Cornered, Mim risks everything to go on the run to find her husband – and a part of herself, long gone, that is brave enough to tackle the journey ahead. From the stark backroads of the Australian outback to a terrifying sea voyage, Mim is forced to shuck off who she was – mother, daughter, wife, sister – and become the woman she needs to be to save her family and herself.

In this episode, Kate Mildenhall joins Max Lewis to chat about living in an almost-dystopia while writing 'The Mother Fault', the influences of her own motherhood on her writing, and almost dying while researching for the book.



S L Lim on desire, art and the power of resistance in Revenge: Murder in three parts

A family favour their son over their daughter ... Shan attends university before making his fortune in Australia while Yannie must find menial employment and care for her ageing parents. After her mother’s death, Yannie travels to Sydney to become enmeshed in her psychopathic brother’s new life, which she seeks to undermine from within …

Revenge is a novel that rages against capitalism, hetero-supremacy, mothers, fathers, families – the whole damn thing. It’s about what happens when you want to make art but are born in the wrong time and place. S L Lim brings to vivid life the frustrations of a talented daughter and vengeful sister in a nuanced and riveting novel that ends in the most unexpected way. It will not be easily forgotten.

In this episode Max Lewis joins S L Lim to talk the fiery follow up to 'Real Differences', the 'grubby compromises' we make in order to create art, and the inspiring work of the brit-pop band Pulp.


Rose Carlyle on exciting twists and evil twins

Beautiful twin sisters Iris and Summer are startlingly alike, but beyond what the eye can see lies a darkness that sets them apart. Cynical and insecure, Iris has long been envious of open-hearted Summer's seemingly never-ending good fortune, including her perfect husband, Adam. Called to Thailand to help sail the family yacht to the Seychelles, Iris nurtures her own secret hopes for what might happen on the journey. But when she unexpectedly finds herself alone in the middle of the Indian Ocean, everything changes.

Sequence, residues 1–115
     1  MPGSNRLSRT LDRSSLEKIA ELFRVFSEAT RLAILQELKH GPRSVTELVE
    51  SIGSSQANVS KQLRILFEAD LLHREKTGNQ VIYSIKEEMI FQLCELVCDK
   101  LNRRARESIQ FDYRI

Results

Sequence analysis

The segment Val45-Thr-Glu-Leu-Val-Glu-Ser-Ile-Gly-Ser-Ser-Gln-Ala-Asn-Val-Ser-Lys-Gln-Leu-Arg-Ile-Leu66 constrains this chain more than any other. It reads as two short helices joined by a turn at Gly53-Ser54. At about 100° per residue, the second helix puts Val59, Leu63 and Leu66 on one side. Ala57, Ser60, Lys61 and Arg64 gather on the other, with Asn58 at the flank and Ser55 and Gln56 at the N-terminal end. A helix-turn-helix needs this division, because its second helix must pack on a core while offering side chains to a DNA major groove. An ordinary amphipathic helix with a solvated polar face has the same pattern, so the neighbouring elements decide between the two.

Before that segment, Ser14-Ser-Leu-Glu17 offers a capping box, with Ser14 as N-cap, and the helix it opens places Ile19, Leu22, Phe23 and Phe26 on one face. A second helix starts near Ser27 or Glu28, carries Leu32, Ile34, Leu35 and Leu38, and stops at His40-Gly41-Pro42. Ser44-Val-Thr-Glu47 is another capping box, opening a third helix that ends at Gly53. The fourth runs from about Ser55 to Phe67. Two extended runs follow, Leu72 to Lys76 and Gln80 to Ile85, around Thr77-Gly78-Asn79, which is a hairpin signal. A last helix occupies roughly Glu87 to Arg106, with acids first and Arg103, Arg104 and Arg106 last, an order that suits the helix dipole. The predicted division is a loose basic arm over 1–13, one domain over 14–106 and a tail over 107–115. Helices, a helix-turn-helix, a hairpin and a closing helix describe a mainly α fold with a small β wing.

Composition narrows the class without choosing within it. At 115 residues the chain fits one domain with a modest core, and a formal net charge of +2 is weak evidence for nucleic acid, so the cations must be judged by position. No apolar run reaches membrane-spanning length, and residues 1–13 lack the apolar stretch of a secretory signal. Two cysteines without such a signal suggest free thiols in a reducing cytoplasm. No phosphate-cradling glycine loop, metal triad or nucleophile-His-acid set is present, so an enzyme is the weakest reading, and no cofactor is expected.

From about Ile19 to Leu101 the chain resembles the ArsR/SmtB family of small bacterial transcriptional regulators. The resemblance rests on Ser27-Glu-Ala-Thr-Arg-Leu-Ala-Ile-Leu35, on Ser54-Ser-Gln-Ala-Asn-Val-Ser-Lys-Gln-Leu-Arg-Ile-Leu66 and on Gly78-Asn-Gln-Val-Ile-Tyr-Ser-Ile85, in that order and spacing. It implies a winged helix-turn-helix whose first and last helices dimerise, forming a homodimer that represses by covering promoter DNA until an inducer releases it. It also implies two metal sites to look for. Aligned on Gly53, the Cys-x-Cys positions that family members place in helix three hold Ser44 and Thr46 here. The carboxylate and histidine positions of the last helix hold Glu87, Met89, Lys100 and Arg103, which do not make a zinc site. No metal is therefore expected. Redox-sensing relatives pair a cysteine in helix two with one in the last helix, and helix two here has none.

Now is her chance to take what she's always wanted - the idyllic life she's always coveted. But just how far will she go to get the life she's dreamed about? And how will she make sure no one discovers the truth?

Written with the chilling suspense of The Girl on the Train and Before I Go to Sleep, The Girl in the Mirror is an addictive thriller about greed, lust, secrets and deadly lies.

In this episode, Rose joins Erin Christie to discuss what it's been like writing her first novel and releasing it during a pandemic, and how it was to create a family of siblings who share an intense rivalry, despite the lovely and supportive relationship she shares with her own sister.


AUGUST BOOK CLUB - A chat with Charlotte McConaghy

How far you would you go for love? Franny Stone is determined to go to the end of the earth, following the last of the Arctic terns on what may be their final migration to Antarctica.

As animal populations plummet and commercial fishing faces prohibition, Franny talks her way onto one of the few remaining boats heading south. But as she and the eccentric crew travel further from shore and safety, the dark secrets of Franny’s life begin to unspool. A daughter’s yearning search for her mother. An impulsive, passionate marriage. A shocking crime. Haunted by love and violence, Franny must confront what she is really running towards – and from.